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Gov’t Relaxes Rules That Stopped Councils Holding Public Meetings Remotely

“It’s critical that they continue to provide essential services and find innovative ways to maintain important economic functions"

By CBR Staff Writer

The UK government has relaxed rules that restricted local authorities from conducting meetings remotely over video or telephone conferencing technology.

Under UK law there is a legal requirement that all local authorities must hold their public meetings in person. However this requirement has obviously clashed with the government advise that if possible business and meetings should be conducted remotely to avoid any spread of COVID-19.

Beginning on Saturday fourth of April local authorities no longer are required to meet in person and can make uses of teleconferencing technology.

Local Government Association Chairman Cllr James Jamieson commented that: “Giving councils powers to hold meetings remotely is important to maintaining local democracy and allowing critical decisions to be made during this public health crisis. Councils need to respond quickly and make very many key decisions. They can now do so while remaining open, transparent and accessible to the public. Remote council meetings will crucially help ensure all those taking part stay at home, helping to prevent the coronavirus from spreading and save lives”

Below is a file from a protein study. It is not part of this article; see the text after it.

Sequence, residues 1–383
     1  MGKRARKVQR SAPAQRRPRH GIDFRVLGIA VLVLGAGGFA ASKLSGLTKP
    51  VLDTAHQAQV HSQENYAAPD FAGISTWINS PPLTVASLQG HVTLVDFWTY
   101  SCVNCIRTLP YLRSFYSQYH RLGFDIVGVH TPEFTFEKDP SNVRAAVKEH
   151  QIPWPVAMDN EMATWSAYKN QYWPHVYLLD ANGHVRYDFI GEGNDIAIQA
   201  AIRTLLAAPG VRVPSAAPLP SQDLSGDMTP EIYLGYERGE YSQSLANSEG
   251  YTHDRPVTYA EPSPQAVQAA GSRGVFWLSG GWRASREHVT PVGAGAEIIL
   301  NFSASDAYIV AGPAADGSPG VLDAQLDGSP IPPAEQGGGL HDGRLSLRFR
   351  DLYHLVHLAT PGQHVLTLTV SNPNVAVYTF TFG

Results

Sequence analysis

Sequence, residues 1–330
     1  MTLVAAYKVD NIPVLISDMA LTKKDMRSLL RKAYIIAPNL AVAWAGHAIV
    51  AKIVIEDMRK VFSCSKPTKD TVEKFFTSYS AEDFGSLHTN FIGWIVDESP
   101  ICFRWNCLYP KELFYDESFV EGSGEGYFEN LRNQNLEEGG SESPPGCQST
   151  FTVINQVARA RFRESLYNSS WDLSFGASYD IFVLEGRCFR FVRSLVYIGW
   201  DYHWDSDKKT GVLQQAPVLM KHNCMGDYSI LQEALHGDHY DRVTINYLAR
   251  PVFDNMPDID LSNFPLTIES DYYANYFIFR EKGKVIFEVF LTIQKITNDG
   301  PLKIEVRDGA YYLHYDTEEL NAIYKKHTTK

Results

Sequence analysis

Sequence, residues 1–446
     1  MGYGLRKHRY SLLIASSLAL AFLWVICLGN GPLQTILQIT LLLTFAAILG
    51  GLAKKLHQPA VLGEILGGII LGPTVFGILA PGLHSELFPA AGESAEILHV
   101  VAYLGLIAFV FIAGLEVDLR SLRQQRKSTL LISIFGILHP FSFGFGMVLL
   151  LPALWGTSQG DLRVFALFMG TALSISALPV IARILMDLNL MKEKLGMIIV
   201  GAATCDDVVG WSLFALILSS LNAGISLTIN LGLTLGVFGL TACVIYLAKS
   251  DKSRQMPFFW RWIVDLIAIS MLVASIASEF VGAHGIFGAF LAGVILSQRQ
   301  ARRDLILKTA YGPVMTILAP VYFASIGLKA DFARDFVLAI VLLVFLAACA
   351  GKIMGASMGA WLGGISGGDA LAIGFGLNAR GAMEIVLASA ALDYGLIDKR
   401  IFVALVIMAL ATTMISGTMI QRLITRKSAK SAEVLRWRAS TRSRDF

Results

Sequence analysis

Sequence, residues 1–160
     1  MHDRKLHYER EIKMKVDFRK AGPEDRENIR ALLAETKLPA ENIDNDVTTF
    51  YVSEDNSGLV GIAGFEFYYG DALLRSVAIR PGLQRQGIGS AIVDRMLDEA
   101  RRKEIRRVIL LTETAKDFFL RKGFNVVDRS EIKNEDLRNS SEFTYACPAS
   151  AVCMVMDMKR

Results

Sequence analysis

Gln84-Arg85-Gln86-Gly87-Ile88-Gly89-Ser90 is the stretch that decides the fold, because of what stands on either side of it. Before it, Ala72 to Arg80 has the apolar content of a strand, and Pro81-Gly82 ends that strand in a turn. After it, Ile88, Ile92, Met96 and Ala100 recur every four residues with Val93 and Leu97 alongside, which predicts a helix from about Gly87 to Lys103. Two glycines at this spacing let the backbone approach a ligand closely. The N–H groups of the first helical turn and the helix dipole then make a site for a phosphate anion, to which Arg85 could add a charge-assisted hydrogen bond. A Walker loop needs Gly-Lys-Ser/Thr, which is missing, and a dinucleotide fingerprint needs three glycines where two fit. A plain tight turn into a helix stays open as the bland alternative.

Public Meetings Remotely

The public meetings held by local councils still need to be accessible by the public, but they will no longer put councillors, local government staff and the public at risk by requiring them to meet face to face.

The change will affect all public meetings including cabinet and committee, as well as council annual meetings.

It will be up to each authority to decide the best way to conduct business and how exactly voting procedures will operate. Importantly they must figure out a way to ensure that the public has access to these meetings.

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Local Government Secretary Hon Robert Jenrick MP commented that: “It’s critical that they continue to provide essential services and find innovative ways to maintain important economic functions they perform like the planning system and they will now be able to do so.”

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